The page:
J P Systems HIT Blog
Top trends include Health IT Interoperability
Like nearly everything else today, your medical records — from hospital stays and doctor visits to prescriptions and lab results are stored in Electronic Health Record systems (EHRs) which let healthcare providers have access to your records to provide better care. But what happens when the coding system used by one hosptial for a Heart Attack at hospital A is called a myocardial infarction, while at hospital B it is called a Cardiac Arrest? It sounds trivial right? The computers do not know they are the same thing. So now take this issue and multiply it by a million different medical terms and you have a real problem!
This is an issue that J P Systems' has been tackling for over a decade. “When two providers can’t exchange information effectively it could cause patient safety issues” says Jackie Mulrooney, the president of J P Systems, Inc., a Healthcare Information Technology firm. “The interoperability of systems is a problem not just nationally, but worldwide.” Since 1998 the company has focused on electronic patient records, health care standards and data architecture for Healthcare IT.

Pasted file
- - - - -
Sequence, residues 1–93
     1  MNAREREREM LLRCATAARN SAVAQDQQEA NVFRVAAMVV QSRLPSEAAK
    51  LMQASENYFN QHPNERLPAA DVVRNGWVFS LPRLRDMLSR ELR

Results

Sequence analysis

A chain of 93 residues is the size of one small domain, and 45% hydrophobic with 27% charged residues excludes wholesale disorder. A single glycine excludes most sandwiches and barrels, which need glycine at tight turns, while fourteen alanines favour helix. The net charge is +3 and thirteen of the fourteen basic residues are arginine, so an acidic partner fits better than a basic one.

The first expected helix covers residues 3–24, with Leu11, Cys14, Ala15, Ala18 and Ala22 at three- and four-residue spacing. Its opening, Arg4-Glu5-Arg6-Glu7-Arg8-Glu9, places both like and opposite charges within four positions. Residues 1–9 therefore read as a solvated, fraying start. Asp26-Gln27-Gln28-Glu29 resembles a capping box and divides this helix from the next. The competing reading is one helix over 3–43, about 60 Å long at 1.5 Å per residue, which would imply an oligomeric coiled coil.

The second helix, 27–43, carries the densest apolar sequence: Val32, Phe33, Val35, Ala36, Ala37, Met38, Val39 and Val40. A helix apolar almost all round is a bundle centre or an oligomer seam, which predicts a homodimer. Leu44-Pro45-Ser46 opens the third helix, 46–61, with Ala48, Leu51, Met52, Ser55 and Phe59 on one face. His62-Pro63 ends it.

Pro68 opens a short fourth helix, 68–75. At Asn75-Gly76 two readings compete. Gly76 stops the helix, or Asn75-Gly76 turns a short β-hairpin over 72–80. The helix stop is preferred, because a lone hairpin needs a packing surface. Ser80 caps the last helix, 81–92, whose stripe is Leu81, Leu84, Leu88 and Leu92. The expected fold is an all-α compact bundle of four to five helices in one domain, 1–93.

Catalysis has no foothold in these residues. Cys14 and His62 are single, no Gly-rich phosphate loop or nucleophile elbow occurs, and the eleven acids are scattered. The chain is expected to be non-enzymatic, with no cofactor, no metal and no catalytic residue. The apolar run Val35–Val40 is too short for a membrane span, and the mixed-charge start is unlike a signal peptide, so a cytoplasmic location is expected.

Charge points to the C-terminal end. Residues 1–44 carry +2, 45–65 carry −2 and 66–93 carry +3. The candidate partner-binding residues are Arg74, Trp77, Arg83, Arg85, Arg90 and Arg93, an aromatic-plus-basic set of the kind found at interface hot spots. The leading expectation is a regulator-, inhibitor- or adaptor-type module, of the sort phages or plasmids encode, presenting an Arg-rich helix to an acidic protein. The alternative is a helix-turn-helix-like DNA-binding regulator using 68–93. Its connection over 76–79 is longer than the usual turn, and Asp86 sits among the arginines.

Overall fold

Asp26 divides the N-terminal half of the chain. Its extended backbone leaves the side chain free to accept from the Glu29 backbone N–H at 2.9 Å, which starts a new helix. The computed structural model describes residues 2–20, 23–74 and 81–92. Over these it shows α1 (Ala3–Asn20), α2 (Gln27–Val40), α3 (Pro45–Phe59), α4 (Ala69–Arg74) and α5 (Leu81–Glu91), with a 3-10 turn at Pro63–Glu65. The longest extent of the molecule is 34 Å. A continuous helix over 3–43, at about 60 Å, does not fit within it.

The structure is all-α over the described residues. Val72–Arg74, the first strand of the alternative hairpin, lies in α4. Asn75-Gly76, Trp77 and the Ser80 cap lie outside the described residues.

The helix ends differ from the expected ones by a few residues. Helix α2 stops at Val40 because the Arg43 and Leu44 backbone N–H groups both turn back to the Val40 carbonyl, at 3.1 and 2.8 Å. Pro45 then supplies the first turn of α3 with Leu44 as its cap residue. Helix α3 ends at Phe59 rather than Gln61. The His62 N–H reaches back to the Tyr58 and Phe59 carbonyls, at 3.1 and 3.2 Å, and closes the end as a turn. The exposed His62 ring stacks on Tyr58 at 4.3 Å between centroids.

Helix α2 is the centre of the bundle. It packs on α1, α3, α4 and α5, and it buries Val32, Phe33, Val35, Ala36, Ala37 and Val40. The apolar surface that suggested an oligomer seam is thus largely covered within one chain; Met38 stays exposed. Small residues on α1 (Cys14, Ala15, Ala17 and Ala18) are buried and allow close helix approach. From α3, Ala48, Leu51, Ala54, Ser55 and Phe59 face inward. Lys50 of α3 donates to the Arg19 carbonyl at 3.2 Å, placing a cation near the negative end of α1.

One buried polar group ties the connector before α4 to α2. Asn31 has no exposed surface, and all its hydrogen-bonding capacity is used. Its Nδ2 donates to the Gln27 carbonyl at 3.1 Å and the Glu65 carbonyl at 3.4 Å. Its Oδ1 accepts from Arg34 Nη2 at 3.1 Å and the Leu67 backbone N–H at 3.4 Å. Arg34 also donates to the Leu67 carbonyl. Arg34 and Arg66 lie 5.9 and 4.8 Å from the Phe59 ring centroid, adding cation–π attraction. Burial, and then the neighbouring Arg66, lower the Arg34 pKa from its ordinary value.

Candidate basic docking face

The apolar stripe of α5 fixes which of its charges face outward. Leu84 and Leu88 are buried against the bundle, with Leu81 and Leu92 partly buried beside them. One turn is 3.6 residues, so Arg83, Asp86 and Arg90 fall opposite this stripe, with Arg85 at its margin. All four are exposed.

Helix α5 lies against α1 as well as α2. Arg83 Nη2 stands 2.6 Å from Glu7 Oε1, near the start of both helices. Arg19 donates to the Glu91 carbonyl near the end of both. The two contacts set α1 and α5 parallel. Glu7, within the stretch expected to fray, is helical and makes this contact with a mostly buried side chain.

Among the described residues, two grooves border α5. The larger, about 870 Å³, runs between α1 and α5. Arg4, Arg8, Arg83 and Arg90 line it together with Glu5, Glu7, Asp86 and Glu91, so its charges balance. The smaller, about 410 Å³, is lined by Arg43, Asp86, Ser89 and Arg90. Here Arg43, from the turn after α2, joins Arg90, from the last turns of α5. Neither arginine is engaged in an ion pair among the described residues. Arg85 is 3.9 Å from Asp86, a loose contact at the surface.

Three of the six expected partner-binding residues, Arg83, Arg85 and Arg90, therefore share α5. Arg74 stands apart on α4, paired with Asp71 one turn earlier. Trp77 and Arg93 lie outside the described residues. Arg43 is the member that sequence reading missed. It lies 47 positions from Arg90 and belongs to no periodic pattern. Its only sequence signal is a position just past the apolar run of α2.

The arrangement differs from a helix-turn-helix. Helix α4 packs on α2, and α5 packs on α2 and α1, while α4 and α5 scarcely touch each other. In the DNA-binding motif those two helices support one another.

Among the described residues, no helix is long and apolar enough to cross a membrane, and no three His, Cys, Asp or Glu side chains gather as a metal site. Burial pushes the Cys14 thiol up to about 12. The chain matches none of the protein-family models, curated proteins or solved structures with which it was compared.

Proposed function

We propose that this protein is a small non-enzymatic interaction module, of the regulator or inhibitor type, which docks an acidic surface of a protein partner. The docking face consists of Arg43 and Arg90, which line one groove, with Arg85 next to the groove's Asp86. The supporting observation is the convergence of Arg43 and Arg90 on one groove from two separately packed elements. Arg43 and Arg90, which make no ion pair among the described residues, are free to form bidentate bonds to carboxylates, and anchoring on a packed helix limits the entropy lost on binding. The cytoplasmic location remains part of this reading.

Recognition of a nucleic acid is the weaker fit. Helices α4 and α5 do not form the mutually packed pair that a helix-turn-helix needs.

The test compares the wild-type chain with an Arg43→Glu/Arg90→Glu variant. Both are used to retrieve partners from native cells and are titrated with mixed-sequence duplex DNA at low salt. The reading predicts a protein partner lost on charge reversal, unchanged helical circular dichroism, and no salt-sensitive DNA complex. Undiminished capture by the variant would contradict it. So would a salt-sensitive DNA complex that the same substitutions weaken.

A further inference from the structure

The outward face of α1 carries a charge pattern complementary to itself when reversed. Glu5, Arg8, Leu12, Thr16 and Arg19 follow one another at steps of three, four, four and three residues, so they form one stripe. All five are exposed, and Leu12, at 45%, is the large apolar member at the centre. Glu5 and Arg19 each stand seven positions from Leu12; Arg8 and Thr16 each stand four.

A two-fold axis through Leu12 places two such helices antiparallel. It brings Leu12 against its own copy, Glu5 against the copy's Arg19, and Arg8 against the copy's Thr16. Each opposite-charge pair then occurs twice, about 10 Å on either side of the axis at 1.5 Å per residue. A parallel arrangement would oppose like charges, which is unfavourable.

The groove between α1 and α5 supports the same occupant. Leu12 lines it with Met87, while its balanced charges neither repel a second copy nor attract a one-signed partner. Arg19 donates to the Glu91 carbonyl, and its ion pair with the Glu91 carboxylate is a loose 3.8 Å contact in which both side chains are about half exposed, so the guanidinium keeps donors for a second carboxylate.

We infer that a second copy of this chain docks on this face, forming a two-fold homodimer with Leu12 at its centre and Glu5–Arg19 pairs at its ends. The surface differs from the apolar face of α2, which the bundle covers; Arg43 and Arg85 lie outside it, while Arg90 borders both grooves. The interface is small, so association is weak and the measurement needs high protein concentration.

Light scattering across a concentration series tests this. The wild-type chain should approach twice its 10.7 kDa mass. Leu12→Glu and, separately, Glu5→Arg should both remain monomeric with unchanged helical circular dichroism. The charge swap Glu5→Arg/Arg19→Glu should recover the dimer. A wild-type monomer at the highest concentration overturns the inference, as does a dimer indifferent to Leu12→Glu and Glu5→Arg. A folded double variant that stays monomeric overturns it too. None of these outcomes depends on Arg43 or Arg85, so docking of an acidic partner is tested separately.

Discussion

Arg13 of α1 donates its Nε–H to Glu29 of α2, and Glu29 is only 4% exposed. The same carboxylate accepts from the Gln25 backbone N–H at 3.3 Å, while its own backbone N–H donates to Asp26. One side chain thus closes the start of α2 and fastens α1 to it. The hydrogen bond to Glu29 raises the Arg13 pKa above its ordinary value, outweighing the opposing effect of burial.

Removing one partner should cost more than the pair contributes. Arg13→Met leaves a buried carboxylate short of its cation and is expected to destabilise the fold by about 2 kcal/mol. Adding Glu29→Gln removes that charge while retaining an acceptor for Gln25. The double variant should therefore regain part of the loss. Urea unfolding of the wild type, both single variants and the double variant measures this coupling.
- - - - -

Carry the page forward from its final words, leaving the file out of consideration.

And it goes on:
In September 2015, J P Systems was awarded a five year US Department of Veterans Affairs contract with a $100 million ceiling, to support terminology standardization efforts. “It is for Healthcare IT data standards, which is our company’s niche. That’s the biggest problem in healthcare today. The incompatibilities exist on a very low level of the information. Over the last 35 years, medical concepts have been assigned different codes in different systems. These codes exist in the data files and their meanings do not. That is why electronic data exchange is so very difficult. There are other issues with EHRs, too. “If organizations have different missions, they’ll collect and store slightly different levels of details” she said. “A cancer center will collect and store different details for a patient than a General Practitioner at a local clinic. The goal is to get the clinial data to map to international standards so that patient data can be exchanged in an accurate way. The best clinical decisions are made based on accurate, up-to-date, and complete information.”
What is an API and what does this mean for the future of Healthcare IT communities?
There is a lot of confusion about what an API is. When we surveyed the web, we found a lot of articles but not many gave clear explanations understandable to a non-techncial person. That is why Lisa and Jackie put their heads together and wrote an article for you.
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